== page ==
A nice result.

Given that \(\quad a+b+c=0\)

Prove that : \[2(a^4+b^4+c^4)=(a^2+b^2+c^2)^2\]

Nice proofs are always welcome!

Note by Nihar Mahajan
3 years, 9 months ago

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Lets start off by finding the value of \(\ a^2 +b^2 +c^2 \) in terms of another sum by doing the following: \[(a+b+c)^2 = a^2 +b^2 +c^2 +2(ab +ac +bc) = 0 \Rightarrow\ (a^2 +b^2 +c^2)^2 = 4(ab+ac+bc)^2 \]

Now expanding out the RHS: \[... = 4(a^2 b^2 +a^2 c^2 + b^2 c^2 +2abc(a+b+c)) = 4(a^2 b^2 +a^2 c^2 + b^2 c^2) \]

Now if we expand out \(\ (a^2 +b^2 +c^2)^2 \) and cancel out terms we get: \[ a^4 +b^4 +c^4 = 2 (a^2 b^2 +a^2 c^2 + b^2 c^2) \ ........ \ (1) \] \[\Rightarrow\ 2(a^4 +b^4 +c^4) = a^4 +b^4 +c^4 + 2 (a^2 b^2 +a^2 c^2 + b^2 c^2) \]

\[\therefore\ 2(a^4 +b^4 +c^4) = (a^2 +b^2 +c^2)^2 \]

Curtis Clement - 3 years, 9 months ago

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Yeah! Thanks , I got an easier way . Read below.

Nihar Mahajan - 3 years, 9 months ago

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Approach: Factoring polynomials using the (slightly abused) remainder factor theorem for polynomials in several degrees.

Define \( f(a, b, c) = 2 (a^4 + b^4 + c^4) - (a^2 + b^2 + c^2) ^2 \).
We want to show that if \( a+b+ c = 0 \), then \( f(a, b, c) = 0 \). This strongly suggests to us that \( f(a, b, c) = (a+b+c) \times g(a, b, c) \).

If \( a + b + c = 0 \), then we have \( f( -b-c, b, c ) = 0 \). Notice that the powers of \(a \) only occur in even degree, hence \( f(a, b, c) = f(-a, b, c) \). This implies that \( f( b+c, b, c ) = 0 \), and thus that \( a-b-c \mid f(a, b, c) \). Cyclically, we also get that \( b-c-a \mid f(a,b,c)\) and \( c-a-b \mid f(a,b,c) \).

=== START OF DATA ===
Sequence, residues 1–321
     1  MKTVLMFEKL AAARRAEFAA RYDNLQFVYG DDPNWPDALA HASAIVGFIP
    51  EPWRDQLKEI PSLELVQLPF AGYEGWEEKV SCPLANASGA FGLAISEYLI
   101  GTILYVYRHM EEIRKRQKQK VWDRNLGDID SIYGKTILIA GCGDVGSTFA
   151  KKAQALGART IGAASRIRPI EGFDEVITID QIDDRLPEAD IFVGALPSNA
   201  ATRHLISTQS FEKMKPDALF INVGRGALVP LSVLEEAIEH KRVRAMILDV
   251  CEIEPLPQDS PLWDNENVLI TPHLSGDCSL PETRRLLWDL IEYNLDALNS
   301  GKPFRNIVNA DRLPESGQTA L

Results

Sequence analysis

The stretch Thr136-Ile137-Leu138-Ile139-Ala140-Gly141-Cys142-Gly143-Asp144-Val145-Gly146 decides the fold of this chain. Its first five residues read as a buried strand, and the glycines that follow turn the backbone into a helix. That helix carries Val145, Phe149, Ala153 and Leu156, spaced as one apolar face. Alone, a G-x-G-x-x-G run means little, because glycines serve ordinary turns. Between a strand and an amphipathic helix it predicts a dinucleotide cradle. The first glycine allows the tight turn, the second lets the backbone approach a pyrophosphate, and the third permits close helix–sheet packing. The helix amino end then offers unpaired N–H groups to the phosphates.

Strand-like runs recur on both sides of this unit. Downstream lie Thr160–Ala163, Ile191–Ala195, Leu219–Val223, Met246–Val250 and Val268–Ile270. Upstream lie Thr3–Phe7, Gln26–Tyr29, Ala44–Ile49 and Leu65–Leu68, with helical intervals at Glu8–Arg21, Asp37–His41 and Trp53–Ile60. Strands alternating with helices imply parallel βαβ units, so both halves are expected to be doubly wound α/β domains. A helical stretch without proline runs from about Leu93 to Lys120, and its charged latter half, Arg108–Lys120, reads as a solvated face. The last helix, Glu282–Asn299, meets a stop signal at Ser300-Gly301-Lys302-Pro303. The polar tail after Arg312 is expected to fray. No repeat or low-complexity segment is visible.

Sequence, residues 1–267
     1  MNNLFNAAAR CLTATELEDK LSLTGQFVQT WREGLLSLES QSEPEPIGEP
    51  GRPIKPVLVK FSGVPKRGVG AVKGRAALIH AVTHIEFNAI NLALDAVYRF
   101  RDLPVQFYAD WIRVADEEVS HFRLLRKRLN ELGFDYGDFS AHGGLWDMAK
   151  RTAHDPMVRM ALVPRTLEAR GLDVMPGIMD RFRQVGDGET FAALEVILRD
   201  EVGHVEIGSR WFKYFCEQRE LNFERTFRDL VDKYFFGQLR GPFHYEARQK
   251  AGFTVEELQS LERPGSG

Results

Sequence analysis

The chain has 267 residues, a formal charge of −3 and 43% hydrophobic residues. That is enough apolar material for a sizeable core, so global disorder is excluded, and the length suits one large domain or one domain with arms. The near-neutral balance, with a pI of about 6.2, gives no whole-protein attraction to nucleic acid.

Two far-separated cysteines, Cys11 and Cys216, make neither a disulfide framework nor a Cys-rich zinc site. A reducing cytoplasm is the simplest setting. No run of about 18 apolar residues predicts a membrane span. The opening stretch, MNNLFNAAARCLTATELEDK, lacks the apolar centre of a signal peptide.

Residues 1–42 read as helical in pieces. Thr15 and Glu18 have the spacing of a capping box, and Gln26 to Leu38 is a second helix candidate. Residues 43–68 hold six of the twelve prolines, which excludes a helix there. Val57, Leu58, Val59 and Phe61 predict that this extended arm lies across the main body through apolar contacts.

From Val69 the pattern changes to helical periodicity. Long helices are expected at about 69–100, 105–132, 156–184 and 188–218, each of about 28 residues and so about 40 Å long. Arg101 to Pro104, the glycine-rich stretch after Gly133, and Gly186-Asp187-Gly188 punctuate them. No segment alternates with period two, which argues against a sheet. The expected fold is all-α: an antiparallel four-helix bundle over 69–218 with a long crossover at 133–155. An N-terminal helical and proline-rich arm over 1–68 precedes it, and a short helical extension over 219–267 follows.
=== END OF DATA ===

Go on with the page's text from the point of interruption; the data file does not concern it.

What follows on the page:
Putting this all together, this strongly suggests that

\[ (a+b+c)(a-b-c)(b-c-a)(c-a-b) \mid f(a,b,c) \]

Since both sides have the same degree (4), we know that they differ by a constant. In fact, we can now verify that

\[ f(a, b, c) = - (a+b+c)(a-b-c)(b-c-a)(c-a-b) \]

Calvin Lin Staff - 3 years, 9 months ago

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The equation \(2(a^4 + b^4 + c^4) = (a^2 + b^2 + c^2)^2\) is equivalent to \[-a^4 - b^4 - c^4 + 2a^2 b^2 + 2a^2 c^2 + 2b^2 c^2 = 0.\] This equation factors as \[(a + b + c)(-a + b + c)(a - b + c)(a + b - c) = 0,\] and the result follows.

This factorization comes up in Heron's formula: \[ \begin{align*} K^2 &= s(s - a)(s - b)(s - c) \\ &= \frac{1}{16} (a + b + c)(-a + b + c)(a - b + c)(a + b - c) \\ &= \frac{1}{16} (-a^4 - b^4 - c^4 + 2a^2 b^2 + 2a^2 c^2 + 2b^2 c^2). \end{align*} \]

Jon Haussmann - 3 years, 9 months ago

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Great! That's the "Use Heron's Formula" that I alluded to. There are many ways to write the expression of \(K\), and most people are only familiar with the factored form, instead of the expanded form.

Calvin Lin Staff - 3 years, 9 months ago

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Really great , I was curious of a heron's formula solution. Thanks!

Nihar Mahajan - 3 years, 9 months ago

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Use the convention of \(S_1 = a+b+c\), \(S_2=ab+bc+ca\) and \(S_3 = abc\), and \(P_n = a^n+b^n+c^n\). Then by Newton's Sum method:

\(P_2 = S_1 P_1 - 2S_2 = 0 - 2S_2 = -2S_2\)

\(S_4 = S_1P_3-S_2P_2+S_3P_1 = 0 -S_2(-2S_2) + 0 = 2S_2^2\)

Now \(LHS = 2P_4 = 4S_2^2\) and \(RHS = P_2^2 = (-2S_2)^2 = 4S_2^2 = LHS\)

Chew-Seong Cheong - 3 years, 9 months ago

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Plug In 1+1-2 xD xD Just kidding. I'm on it!

Mehul Arora - 3 years, 9 months ago

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That's the most special case. -_-

Nihar Mahajan - 3 years, 9 months ago

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